By Tim Knight
In the first of three articles Tim Knight discusses significant changes to global energy supply and the impact that these changes will have on the way regional employers reward their key staff (not only their expatriate personnel) and innovative ways in which reward can be used as a retention tool.
The first article sets out some of the technological and geographic changes taking place in the global energy field and raises some challenges for the region in the wake of dramatic developments elsewhere.
The future of energy supply
According to a seminal work by Leonardo Maugeri of Harvard University (Belfer Center for Science & International Affairs; June 2012) there are sufficient reserves of oil and gas to ensure production for the next century. This additional capacity is the result of three significant developments;
- Improved drilling technology allowing marginal fields currently thought uneconomic to be further exploited
- New fields coming on stream in areas hitherto thought to be either too expensive to manage or too environmentally sensitive to work under old drilling methods;
- The development of hydraulic fracturing (“Fracking”) and improved horizontal drilling allowing the extraction of oil and gas from rock, predominantly in North America (N.Dakota and Texas in the US) and tar sands in Canada.
Significantly these developments are taking place outside the GCC. Countries likely to benefit from this boom are the US, Canada, Australia, Venezuela, Iraq and Brazil with the US likely to become the world’s second largest producer after Saudi Arabia by 2020 if not before.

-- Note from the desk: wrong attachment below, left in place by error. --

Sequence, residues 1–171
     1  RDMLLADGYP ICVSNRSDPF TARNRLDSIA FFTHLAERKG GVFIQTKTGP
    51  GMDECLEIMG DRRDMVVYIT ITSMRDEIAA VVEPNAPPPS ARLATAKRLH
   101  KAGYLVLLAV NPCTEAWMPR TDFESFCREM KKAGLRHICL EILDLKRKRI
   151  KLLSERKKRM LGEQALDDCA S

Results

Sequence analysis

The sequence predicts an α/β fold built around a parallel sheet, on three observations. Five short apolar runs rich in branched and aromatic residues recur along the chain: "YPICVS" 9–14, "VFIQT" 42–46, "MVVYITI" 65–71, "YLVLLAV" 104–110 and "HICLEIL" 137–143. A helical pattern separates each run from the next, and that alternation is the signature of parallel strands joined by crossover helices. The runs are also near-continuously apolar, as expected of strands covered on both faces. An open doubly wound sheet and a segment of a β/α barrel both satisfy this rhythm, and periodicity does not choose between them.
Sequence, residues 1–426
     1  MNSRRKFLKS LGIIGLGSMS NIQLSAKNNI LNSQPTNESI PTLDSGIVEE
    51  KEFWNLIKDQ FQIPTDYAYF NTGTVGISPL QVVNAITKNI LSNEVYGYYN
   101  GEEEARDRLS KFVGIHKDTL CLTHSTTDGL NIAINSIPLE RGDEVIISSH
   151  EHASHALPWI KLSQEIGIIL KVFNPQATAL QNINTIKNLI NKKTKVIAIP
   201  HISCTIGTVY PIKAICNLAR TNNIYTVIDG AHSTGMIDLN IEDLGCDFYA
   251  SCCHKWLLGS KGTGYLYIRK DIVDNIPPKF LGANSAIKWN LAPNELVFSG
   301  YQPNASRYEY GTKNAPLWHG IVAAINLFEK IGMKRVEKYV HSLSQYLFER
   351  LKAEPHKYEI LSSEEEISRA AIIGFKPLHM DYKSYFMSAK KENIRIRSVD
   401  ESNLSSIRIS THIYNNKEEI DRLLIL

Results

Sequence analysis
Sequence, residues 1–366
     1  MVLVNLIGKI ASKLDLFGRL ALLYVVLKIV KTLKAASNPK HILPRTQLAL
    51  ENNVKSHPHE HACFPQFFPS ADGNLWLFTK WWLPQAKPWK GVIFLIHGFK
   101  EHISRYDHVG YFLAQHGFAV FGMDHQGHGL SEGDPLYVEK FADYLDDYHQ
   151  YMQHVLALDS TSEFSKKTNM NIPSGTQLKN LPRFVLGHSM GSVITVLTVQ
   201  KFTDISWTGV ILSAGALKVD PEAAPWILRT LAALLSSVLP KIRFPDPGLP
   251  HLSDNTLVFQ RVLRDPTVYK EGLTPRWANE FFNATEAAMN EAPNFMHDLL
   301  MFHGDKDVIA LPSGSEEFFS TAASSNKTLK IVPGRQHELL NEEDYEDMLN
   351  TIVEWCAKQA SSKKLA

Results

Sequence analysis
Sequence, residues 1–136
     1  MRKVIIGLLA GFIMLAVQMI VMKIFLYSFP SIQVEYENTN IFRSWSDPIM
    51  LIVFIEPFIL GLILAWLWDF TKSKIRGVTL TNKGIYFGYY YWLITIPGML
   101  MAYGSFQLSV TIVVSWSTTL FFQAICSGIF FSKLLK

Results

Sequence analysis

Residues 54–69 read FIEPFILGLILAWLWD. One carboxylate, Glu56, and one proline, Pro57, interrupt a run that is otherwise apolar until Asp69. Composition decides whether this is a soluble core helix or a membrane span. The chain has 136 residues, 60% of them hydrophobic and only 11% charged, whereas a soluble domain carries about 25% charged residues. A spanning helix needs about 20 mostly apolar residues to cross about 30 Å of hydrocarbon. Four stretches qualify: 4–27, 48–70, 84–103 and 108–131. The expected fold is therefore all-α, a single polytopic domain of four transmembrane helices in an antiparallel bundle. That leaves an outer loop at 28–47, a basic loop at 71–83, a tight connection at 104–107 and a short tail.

It is predicted that this glut of oil and gas will lead to a collapse in oil prices, however that remains to be seen given China’s insatiable demand for energy and the way in which production is managed by producers with a vested interest in controlling output. One thing appears certain however, the global monopoly on production enjoyed by the traditional producers may come to an end within the next five to ten years. It is anticipated that the US will once again become a net exporter of oil by 2015.
Nobody is saying that the GCC markets will dry up overnight, that is not going to happen, but there are a number of implications of this new oil glut chief amongst them being the economic and social impact on the economies of GCC countries. Should the price of oil fall there will be severe consequences on the capital programmes and budgets of each of the six countries, even including Saudi Arabia whose vast reserves mean that it will remain the world’s leading supplier. But for how long will it be able to meet its domestic economic commitments with prices falling and abundant capacity readily available in other more politically and economically stable markets?
In the immediate and short term (up to 5 years) nothing dramatic is likely to happen. It is predicted that the oil market will remain volatile for the next two to three years but after 2016/17 most if not all the development projects currently under way will be established and will greatly contribute to meeting the world’s energy needs.
The impact of these developments on the way regional employers will need to manage the reward of their key staff is discussed in the next instalment.
Tim Knight has spent much of the past 28 years living and working throughout the GCC and until July 2011 was Head of Compensation & Benefits at National Bank of Abu Dhabi, a position he held since 2007. During that time he initiated various changes including the introduction of one of the first ESCA approved employee share programmes.
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